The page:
UNC System settles media lawsuit, but where’s Silent Sam?
Documents from Daily Tar Heel settlement show everyone dodged accountability for Confederate monument
Silent Sam in August 2017. Image by Martin Kraft, MJK49376 Silent Sam, CC BY-SA 3.0
Silent Sam still isn’t talking. And even though the settlement of a lawsuit filed by the student Daily Tar Heel newspaper and the University of North Carolina System was announced this week, officials at the system office and the Chapel Hill campus won’t say where the century-old Confederate Monument is hiding. And whether he’ll ever stand publicly again.
The DTH settlement documents show a series of posterior-covering moves by UNC Chapel Hill officials and UNC Board of Governors members, along with senior UNC System policymakers and lawyers. They shared one goal: Make this sh*itshow disappear. And burn off our fingerprints in the process.
The Confederate Monument, aka Silent Sam, has been a flashpoint for protesters for decades. It was often in the news not long ago: from August 2017, as demonstrators at UNC reacted to the white supremacist-led Unite the Right rally in Charlottesville, Virginia; through 2018, when students occupied the area surrounding the statue and used blowtorches to remove it from its base; until early 2020, when DTH filed its lawsuit.
The lawsuit charged UNC officials with violating the state’s open meetings law in November 2019, when the university system secretly offered to pay more than $3 million to the Sons of Confederate Veterans (which didn’t own the statue), offload the statue to the group, and hope the controversy over Silent Sam’s disappearance would end.
State Superior Court Judge Allen Baddour tossed the heart of the financial deal in February 2020 — a $2.5 million payment to the SCV to “maintain” the statue away from campus — even though he signed off on the settlement three months earlier.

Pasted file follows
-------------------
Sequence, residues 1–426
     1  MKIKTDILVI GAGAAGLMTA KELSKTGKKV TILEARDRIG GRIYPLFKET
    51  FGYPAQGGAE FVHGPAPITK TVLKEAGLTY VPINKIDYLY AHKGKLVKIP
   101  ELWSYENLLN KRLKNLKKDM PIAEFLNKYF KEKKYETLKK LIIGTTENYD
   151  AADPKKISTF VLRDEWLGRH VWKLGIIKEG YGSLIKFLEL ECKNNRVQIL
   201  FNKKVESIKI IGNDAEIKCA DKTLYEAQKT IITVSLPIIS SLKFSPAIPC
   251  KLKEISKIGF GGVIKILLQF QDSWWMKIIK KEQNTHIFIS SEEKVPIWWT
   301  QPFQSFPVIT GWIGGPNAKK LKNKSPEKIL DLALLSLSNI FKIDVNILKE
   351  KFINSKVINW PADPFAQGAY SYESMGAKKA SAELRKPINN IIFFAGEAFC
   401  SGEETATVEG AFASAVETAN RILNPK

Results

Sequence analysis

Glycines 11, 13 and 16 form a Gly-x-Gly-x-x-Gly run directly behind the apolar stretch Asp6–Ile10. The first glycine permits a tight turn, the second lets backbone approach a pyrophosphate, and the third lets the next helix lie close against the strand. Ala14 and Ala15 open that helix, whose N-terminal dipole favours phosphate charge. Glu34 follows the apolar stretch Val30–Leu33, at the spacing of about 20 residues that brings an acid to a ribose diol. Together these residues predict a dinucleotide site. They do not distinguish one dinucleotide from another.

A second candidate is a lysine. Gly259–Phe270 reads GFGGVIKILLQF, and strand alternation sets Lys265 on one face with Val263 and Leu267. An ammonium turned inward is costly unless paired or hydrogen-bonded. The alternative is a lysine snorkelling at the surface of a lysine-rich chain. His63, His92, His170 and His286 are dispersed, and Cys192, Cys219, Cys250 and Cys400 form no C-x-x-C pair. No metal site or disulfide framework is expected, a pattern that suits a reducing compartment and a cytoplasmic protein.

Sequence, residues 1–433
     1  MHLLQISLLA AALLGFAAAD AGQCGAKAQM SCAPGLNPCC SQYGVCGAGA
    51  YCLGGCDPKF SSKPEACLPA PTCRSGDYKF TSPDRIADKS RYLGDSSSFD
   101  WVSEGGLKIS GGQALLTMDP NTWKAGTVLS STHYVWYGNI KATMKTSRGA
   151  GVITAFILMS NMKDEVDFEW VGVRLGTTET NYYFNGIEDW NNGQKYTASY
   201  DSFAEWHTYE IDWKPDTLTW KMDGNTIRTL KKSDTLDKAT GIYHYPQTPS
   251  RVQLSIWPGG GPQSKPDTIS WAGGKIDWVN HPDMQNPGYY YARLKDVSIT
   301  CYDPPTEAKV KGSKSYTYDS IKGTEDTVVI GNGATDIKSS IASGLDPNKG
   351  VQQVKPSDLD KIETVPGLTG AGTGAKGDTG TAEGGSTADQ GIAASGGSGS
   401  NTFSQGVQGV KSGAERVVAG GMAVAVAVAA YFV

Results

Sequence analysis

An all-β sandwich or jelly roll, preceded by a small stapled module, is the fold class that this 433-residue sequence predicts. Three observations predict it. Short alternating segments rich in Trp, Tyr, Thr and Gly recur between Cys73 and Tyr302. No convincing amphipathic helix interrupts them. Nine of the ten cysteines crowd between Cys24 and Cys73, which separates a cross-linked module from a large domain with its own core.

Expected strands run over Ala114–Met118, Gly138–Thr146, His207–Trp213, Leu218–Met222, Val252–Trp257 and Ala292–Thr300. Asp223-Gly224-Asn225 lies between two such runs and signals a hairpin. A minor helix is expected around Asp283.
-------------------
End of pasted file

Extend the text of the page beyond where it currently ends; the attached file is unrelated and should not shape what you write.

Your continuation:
This week’s agreement diverted the remaining $74,999 to “racial equity” programs on campus.
Here’s how far UNC was willing to go to try to bury the Silent Sam mess: In a deposition, former UNC System VP for Communications Earl Whipple wrote an op-ed defending the payout scheme. The News & Observer published it. But the article was “signed” by five Board of Governors members charged with working out a Silent Sam deal. Whipple admitted the five never reviewed the text.
The op-ed also hinted that the full BOG approved the deal. In fact, the board never took a vote.
And we still don’t know where Silent Sam is, its fate undetermined.
Eventually, Southerners will have to confront the problematic legacy of Confederate monuments — especially those, like Silent Sam, that were commissioned and erected decades after the Civil War, during an era stained by white-on-black mob violence, lynchings, and other indefensible racist acts.
The memorial to early 20th century Democratic Gov. Charles Brantley Aycock, who championed white supremacy and led the call for an amendment to disenfranchise blacks, still sits on Raleigh’s Capitol grounds. I photographed it last summer.
Leaders of the UNC System tried desperately to disappear Silent Sam, a visible part of that legacy, down the memory hole.
They failed. But in doing so, they showed that some leaders of our most venerated public institutions remain afraid to grapple with shameful aspects of our past.